Monday, 31 March 2014


Just because I might have a tendency to hypochondria does not mean I will never get ill.

And I cannot deny the symptoms logged in some of the images pinned to my mental calendar as memory tags.

My current concerns began on 11 February 2014, when tingling started in the thumb, index and middle finger of my left hand. I have long experience tingling in my face, but suddenly this was more pronounced, as if I am recovering from a dentist's injection and other times feels like I have been burned, and spread to my tongue, accompanied by a slight metallic taste.

Searching the internet suggests these are symptoms to have checked out. On 17 March I did register with a doctor with the intention to make an appointment, but have not yet done so. As a hypochondriac, I've become used to scaring myself, only to have my carefully monitored symptoms dismissed, sometimes after tests. Pains in my lower back were not signs of kidney disease, but probably exertion. Pains in my chest were not a heart attack, but a muscle spasm (intercostal neuralgia). The clicking vertebrae in my neck, which began 18 months ago and I sometimes fear may be behind these latest developments are nothing to worry about: many people experience the same.

More to the point, over a decade ago I experienced similar feelings of tingling skin on my arms and a clammy deadness in my legs and was checked out to the point of an MRI scan, that found nothing wrong. I feared at the time the commencement of a nervous disorder – in the darkest moments the dreaded MS that disabled and finally killed a brother-in-law. Nothing found and my worries faded, though the tingling cheeks I have experienced for as long as I can remember, never really left.

My recent internet research suggests possible other causes. Vitamin B12 deficiency is one, though I am not a vegetarian, even if I rarely eat red meat. I follow a fasting diet two days per week and have been stricter since Christmas and lost around 5 kg as a result. Perhaps that prompted a vitamin imbalance. Just in case, I started taking a vitamin supplement, also on 17 March.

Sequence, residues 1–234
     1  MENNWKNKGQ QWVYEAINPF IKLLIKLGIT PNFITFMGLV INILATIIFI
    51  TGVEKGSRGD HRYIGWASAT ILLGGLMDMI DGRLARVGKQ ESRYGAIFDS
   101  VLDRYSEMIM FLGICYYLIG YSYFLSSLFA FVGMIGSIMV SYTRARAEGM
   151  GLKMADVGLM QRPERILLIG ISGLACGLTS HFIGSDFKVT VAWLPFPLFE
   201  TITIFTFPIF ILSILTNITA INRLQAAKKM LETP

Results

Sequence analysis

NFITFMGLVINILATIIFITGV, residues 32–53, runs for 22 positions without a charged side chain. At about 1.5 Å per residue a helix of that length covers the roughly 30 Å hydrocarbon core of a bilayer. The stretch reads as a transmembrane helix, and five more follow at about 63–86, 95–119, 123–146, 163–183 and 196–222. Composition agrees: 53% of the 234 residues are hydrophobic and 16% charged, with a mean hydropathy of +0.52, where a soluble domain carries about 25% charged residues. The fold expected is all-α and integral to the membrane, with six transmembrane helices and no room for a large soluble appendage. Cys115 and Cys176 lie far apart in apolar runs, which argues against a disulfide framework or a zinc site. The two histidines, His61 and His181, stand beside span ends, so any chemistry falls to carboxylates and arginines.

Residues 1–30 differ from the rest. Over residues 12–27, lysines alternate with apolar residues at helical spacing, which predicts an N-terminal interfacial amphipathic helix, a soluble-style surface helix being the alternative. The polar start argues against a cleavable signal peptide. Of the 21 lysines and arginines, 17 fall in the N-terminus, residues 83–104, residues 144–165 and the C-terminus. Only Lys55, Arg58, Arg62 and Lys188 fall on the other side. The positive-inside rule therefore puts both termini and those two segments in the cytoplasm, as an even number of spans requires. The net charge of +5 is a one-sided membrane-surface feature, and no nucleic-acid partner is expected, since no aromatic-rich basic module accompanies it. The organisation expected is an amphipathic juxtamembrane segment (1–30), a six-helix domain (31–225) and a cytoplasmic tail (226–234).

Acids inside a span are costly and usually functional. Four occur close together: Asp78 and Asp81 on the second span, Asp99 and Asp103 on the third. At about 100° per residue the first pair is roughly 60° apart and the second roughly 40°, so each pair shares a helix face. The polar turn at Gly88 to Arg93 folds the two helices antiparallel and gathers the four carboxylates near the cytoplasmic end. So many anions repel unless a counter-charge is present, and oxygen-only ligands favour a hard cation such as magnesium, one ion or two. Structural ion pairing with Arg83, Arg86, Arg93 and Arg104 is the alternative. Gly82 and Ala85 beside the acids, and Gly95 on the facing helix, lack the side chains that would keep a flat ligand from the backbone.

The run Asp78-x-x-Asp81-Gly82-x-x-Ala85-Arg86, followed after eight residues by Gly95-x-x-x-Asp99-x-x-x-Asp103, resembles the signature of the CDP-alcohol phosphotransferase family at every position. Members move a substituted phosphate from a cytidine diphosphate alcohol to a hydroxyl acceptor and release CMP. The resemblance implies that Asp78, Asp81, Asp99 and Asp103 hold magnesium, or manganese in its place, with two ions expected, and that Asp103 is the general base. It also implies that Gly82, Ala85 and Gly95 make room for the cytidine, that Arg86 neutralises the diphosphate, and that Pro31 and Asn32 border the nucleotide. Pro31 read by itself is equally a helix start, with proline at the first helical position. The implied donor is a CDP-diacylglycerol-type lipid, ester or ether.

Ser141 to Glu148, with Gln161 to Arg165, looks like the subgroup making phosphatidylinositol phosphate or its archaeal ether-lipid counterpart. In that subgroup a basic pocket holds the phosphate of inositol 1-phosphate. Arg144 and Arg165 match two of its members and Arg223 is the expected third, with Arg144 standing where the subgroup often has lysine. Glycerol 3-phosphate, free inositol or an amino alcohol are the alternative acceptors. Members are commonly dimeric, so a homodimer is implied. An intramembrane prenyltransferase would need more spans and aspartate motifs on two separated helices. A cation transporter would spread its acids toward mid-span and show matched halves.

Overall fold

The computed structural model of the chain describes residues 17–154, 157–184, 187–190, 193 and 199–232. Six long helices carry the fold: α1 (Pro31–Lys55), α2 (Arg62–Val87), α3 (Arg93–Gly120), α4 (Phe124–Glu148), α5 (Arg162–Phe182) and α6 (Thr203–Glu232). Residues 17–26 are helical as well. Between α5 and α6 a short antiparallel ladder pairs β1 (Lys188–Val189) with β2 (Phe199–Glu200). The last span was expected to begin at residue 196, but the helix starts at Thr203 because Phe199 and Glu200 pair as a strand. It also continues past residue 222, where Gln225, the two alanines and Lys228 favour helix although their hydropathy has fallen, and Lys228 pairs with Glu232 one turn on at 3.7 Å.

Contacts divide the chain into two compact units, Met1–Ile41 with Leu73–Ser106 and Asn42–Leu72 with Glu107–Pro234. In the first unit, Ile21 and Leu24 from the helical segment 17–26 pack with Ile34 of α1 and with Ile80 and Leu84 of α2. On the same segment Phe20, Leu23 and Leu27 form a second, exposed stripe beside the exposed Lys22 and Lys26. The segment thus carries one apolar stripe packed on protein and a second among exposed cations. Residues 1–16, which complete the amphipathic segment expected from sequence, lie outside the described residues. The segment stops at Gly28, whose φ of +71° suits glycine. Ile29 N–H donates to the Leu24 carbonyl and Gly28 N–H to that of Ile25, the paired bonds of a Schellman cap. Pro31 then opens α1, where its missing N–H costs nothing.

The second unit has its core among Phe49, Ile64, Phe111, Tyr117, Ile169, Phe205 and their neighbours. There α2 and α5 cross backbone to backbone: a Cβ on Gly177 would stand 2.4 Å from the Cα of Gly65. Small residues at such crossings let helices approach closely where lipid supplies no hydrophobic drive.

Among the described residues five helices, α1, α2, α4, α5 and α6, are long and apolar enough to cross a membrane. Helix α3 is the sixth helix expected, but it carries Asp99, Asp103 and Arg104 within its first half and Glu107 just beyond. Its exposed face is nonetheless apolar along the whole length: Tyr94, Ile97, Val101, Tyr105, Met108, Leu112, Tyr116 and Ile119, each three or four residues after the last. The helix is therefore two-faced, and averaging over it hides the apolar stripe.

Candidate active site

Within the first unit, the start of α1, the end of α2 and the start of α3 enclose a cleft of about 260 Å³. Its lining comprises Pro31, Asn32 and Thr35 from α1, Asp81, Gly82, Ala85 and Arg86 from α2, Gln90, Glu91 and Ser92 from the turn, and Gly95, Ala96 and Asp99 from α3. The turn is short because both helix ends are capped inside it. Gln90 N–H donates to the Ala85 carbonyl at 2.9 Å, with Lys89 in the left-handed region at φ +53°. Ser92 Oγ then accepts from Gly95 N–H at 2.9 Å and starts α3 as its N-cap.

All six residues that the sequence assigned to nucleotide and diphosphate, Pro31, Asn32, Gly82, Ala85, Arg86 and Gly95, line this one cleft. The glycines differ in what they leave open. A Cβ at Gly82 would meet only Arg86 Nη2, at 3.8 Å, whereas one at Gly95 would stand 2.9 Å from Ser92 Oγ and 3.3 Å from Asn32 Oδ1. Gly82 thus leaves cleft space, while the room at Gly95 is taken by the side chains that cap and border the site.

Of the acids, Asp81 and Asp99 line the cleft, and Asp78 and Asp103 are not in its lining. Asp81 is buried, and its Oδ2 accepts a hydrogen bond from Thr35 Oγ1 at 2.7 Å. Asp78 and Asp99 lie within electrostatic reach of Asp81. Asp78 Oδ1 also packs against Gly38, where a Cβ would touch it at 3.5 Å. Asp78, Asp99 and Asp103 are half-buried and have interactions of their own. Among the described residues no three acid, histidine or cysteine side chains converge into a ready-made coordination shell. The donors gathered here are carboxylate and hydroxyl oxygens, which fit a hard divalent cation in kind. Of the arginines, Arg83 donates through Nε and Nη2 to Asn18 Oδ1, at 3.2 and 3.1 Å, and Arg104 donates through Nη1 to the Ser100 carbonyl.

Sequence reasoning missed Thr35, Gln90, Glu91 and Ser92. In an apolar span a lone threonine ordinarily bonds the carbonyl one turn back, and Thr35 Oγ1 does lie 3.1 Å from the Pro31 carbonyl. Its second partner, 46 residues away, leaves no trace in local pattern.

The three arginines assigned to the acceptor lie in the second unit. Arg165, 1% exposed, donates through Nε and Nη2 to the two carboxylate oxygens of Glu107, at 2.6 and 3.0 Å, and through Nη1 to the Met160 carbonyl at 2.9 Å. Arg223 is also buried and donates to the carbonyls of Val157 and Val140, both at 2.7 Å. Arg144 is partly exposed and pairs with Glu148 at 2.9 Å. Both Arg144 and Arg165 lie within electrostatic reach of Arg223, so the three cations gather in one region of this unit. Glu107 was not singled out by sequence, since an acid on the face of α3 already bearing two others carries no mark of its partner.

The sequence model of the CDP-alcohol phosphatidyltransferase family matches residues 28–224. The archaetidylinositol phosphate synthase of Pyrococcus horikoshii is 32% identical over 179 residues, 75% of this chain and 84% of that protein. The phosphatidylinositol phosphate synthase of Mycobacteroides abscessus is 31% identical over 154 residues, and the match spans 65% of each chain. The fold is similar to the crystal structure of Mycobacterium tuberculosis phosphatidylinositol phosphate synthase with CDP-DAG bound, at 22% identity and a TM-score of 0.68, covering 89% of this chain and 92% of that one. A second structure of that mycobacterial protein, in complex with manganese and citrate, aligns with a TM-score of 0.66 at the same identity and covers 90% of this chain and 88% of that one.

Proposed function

Carpal tunnel syndrome could explain the tingling fingers. In a bizarre coincidence that seems like a cosmic joke, this came up in a telephone conversation with my father on 19 March when he told me he is booked for an MRI scan as he has been suffering from tingling fingers. He attributed this to carpal tunnel syndrome at first as my sister had been diagnosed with the same some years before (she was probably also beset with fears of the MS that took my brother-in-law). Then on 27 March a colleague at work mentioned she thought she was developing carpal tunnel syndrome ("Are your fingers tingling?" I asked, but she has aches in her wrists).

I do spend too long on the computer and both these symptoms and the clicking in my neck seem linked to the duration and levels of stress: if I work late into the night I know it.

There have been times when I have woken with both forearms and hands numb and I have started to wonder if this is computer related. As part of a life reassessment, I'm trying to keep work to set hours (though I am typing this early morning).

Whether from vitamin supplements, less typing or nervous disorder remission, the symptoms have diminished to slight tingling in my left thumb, index finger and middle finger, with the same tingling cheeks. Now I am in monitoring mode and my fears have started to recede. I have told no-one.

But there have been seem dark moments. My memory tag of 16 March is visiting a nature sanctuary with my wife. It had been a few years since we have visited and as we walked around I wondered if this would be the last opportunity – and so a moment to be savoured.

On 6 March I was running on an empty beach and decided to close my eyes, thinking of how life would be if I lost my sight.

On another run on 25 March, I ended up sitting on a bench at the top of a hill, feeling wonderfully healthy from the exertion and wondering if the symptoms were just another descent into hypochondria and not signs of my imminent demise.

It struck me that something will get me in the end. Like everyone around me I am ageing, day by day. Like everyone before me, I am mortal.

So run while I can, I thought, charging back down the hill.

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